This patent stands on very narrow ground. Anti-friction rollers applied to the back of the saw are disclaimed and were old. Fixed lateral guides for the faces of the saw are disclaimed and were old. The text of the specification limits the invention to a combination of an anti-friction wheel to support the back or thin edge of the saw, and to have lateral adjustment, presenting different points to wear, with fixed guides to support laterally the faces of the saw, the fixed guides being so constructed as to accommodate saws of different widths. The anti-friction wheel, by means of its conical bearings, can be advanced nearer, as it wears, to the back edge of the saw; and the wheel and its bearings are capable of being adjusted laterally, so as to bring different points of the periphery of the wheel in contact with the back edge of the saw. The arrangement of fixed guides referred to is manifestly that described in the Richards patent. The only point of invention dwelt on in the Lemman specification is the lateral adjustability of the wheel, which, though it is to be an antifriction wheel, and so is to be made of hardened steel or other suit. able material, will still wear away on the surface presented to the edge of the saw; and the lateral adjustment enables different points of the periphery of the wheel to be brought into contact with the saw, so as to present different points to wear from time to time. Thus the



entire width of a periphery of a wheel may be utilized. The defend. ants have used a wheel which has two grooves in it, in one of which the saw runs and in either of which it can run. The wheel can be adjusted laterally, so as to bring the one or the other of the two grooves into use. But there is no adjustment to bring different points of the periphery of a smooth-faced wheel into use. In view of the state of the art and of the limitations of the specification there has been no infringement. Merely adjusting a wheel laterally, so as to give it different positions at different times, was a thing well known to mechanics; and running the back edge of a saw in a groove in a roller existed in the prior Closterman device.

The third patent sued on is No. 120,949, granted to J. A. Fay & Co., November 14, 1871, for an "improvement in band-sawing machines,” on the invention of William H. Doane and William P. McKee. Claims 1, 2, 3, and 4 of this patent are alleged to have been infringed, there being seven claims. The specification, so far as it is material to be cited, says:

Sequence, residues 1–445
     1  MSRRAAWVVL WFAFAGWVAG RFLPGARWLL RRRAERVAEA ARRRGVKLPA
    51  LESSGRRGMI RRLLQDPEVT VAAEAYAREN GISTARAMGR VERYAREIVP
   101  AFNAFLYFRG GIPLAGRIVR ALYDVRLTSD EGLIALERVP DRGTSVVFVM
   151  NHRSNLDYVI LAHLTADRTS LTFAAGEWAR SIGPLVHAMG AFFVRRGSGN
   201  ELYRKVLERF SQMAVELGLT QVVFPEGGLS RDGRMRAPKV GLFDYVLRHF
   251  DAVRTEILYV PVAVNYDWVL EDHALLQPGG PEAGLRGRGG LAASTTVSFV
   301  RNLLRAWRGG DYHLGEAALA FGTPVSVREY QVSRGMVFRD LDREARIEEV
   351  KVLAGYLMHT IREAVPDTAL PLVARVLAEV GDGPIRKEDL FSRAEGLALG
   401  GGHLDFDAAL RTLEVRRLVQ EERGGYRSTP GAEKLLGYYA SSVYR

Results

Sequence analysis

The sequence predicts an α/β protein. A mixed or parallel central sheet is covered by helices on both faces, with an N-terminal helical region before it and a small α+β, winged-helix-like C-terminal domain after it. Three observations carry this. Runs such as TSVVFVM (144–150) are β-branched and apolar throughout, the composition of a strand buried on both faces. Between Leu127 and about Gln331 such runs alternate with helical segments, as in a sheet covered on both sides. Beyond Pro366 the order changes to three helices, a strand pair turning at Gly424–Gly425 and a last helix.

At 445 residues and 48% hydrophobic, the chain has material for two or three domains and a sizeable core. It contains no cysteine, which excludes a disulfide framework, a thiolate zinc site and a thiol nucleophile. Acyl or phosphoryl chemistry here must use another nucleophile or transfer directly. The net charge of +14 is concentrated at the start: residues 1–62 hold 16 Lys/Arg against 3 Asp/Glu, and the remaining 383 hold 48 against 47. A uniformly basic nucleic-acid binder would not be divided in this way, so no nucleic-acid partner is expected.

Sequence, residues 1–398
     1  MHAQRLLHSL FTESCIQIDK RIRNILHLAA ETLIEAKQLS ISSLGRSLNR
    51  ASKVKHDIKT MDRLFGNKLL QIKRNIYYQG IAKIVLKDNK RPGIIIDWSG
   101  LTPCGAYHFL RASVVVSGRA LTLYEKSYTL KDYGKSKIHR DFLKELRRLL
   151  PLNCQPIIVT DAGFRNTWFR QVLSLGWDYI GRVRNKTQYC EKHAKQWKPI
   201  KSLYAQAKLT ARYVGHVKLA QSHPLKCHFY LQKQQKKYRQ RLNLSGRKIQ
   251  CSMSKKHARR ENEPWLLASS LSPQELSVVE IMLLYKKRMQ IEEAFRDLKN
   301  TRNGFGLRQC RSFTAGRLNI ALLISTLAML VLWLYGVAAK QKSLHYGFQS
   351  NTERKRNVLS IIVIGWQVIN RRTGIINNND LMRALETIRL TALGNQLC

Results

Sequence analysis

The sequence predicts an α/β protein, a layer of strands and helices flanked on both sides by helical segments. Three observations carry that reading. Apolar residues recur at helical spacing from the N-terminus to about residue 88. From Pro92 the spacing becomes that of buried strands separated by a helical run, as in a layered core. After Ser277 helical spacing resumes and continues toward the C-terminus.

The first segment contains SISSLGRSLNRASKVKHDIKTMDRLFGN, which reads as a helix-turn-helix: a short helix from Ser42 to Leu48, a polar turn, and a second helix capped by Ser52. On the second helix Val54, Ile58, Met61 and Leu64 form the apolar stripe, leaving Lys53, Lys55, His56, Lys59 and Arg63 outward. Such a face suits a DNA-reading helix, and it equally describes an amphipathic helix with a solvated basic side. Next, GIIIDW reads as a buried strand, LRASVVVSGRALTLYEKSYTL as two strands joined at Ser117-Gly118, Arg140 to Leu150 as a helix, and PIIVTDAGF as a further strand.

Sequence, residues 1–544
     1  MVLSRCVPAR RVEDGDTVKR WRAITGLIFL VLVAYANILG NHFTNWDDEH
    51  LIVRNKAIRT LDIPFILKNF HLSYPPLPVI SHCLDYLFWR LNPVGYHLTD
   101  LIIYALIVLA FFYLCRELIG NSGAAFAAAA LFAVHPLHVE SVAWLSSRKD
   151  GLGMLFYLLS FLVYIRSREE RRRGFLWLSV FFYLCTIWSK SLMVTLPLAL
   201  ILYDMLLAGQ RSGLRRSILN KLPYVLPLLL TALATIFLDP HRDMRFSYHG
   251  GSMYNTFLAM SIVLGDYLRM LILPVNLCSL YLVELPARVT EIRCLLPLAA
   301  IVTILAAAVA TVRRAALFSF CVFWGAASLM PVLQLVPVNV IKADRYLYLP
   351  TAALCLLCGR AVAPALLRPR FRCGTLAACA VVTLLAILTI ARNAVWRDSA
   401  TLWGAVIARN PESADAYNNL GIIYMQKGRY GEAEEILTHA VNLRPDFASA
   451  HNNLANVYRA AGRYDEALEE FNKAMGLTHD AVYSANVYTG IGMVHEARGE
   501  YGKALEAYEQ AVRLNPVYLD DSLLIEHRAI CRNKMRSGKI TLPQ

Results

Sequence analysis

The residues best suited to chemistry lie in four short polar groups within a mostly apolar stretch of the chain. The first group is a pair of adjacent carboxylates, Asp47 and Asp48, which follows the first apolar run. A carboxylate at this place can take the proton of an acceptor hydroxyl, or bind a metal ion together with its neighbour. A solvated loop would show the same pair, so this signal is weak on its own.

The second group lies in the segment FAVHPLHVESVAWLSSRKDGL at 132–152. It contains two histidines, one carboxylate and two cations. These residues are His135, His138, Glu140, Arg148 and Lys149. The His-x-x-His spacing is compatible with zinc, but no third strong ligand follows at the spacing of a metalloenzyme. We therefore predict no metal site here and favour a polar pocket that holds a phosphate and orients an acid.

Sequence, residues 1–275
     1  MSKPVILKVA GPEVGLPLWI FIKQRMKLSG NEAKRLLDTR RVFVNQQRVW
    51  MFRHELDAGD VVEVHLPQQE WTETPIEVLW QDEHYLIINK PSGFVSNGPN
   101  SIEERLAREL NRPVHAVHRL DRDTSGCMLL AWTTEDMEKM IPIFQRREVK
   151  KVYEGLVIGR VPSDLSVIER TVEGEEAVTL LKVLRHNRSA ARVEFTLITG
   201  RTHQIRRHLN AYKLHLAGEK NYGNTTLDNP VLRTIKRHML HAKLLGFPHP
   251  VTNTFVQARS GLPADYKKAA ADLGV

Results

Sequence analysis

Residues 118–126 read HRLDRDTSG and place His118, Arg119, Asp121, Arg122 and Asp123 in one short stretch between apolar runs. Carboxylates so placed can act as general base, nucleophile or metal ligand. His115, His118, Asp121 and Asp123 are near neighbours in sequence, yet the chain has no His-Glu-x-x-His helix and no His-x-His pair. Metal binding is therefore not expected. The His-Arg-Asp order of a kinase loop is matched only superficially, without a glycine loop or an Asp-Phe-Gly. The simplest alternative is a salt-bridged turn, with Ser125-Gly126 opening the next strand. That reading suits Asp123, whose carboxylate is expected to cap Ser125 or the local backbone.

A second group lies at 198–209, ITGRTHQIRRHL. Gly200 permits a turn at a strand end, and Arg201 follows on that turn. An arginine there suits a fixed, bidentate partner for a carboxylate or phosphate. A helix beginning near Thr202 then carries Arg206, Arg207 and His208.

“ The first part of our invention relates to an improved form of supporting frame and of the upper and lower arbor-bearings, whereby the said bearings, with their inclosed arbors, are made easily accessible and removable for inspection and repair, and relatively adjustable, so as to be brought into exact line, and otherwise so regulated as to insure the perfect operation of the saw, as hereinafter explained. * * Figure 1 is a perspective view of a machine embodying our improvements. Figure 2 is a vertical section of the machine in the plane of its arbors. * * Figure 5 is a plan of the lower arbor-bearing. The frame which supports the operative parts of our machine consists of a single casting of the peculiar form here represented; that is to say, a base, A, from whose rear end there rises the main column or standard A1, (supporting the upper arbor-bearing and saw guide,) and from whose front end there rises a shorter column or pedestal A”, which

latter supports and is surmounted by the bench or table B, on which the stuff rests. The depression which intervenes between the columns A1 and A' leaves exposed a seat, which extends below the center of the lower arbor and is entirely open upward, which seat forms an accessible and convenient place for the attachment, inspection, and regulation, and, when necessary, the ready detachment, of the lower arborbearing, which bearing is constructed as follows: Bolted or otherwise securely fastened to the top of base A is a pillow-block, C, having vertical fanges c c. The flanges c cl are traversed near their front end by two co-axial horizontal bolts D D1, which, entering orifices in the box or bearing E E1 of the lower pulley-arbor F, constitute a pivoted* fastening for the said bearing. A setscrew, G, tapped in the bottom of the pedestal C, and pressing upwards against the box E E', enables its adjustment and retention to horizontality, or such approximation thereto as may be desired. Other set-screws, H H1, passing horizontally through the flanges c c', near their rear end, enable the adjustment and retention of said box to a common vertical plane with the upper arbor. The end of the lower arbor most remote from the pulley I carries the driving-pulley J. It will be seen that, on the loosening of four screws, the entire lower arbor and journal-box may be lifted bodily upwards and detached from the machine, without detaching the pulley from the arbor. The upper part of the standard A1 is curved forward, as represented, and has a slot. a, to hold and guide to a vertical path a step or saddle, K, to which is pivoted , lug, l, that depends rigidly from the upper arbor-bearing LL. The saddle B has a horizontal extension, k, which bears on the point of a screw, M, occupy.


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Ing a nut, T, that rests on a spring or cushion, O, in the bottom of the slot a. The screw M being turned to the right or left elevates or depresses the upper arbor-bearing, and, in so doing, causes the proper tension to be imparted to the saw. Another screw, N, that is tapped in the lug 1, bears against the face of the saddle K, and enables the regulation, or angular adjustment, in a vertical plane, of the upper arbor-bearing. The above-describeà capacity for angular adjustment of the band-pulley arbors in their common plane enables the operator to confine the path of the saw nicely to the middle of the pulleys, or to shift it more or less towards the front or back portions of their peripheries, so as to cause all parts to be equally worn. The spring 0, while co-acting with the screw M to preserve the proper tension of the saw, also imparts an elastic and yielding quality to the tension. * * While preferring the described relative positions of the pivot-screws D D1, and laterally adjusting screws HH1, we do not confine ourselves thereto, as the pivot screws may be situated near the rear and the adjusting screws near the front portion of the box.”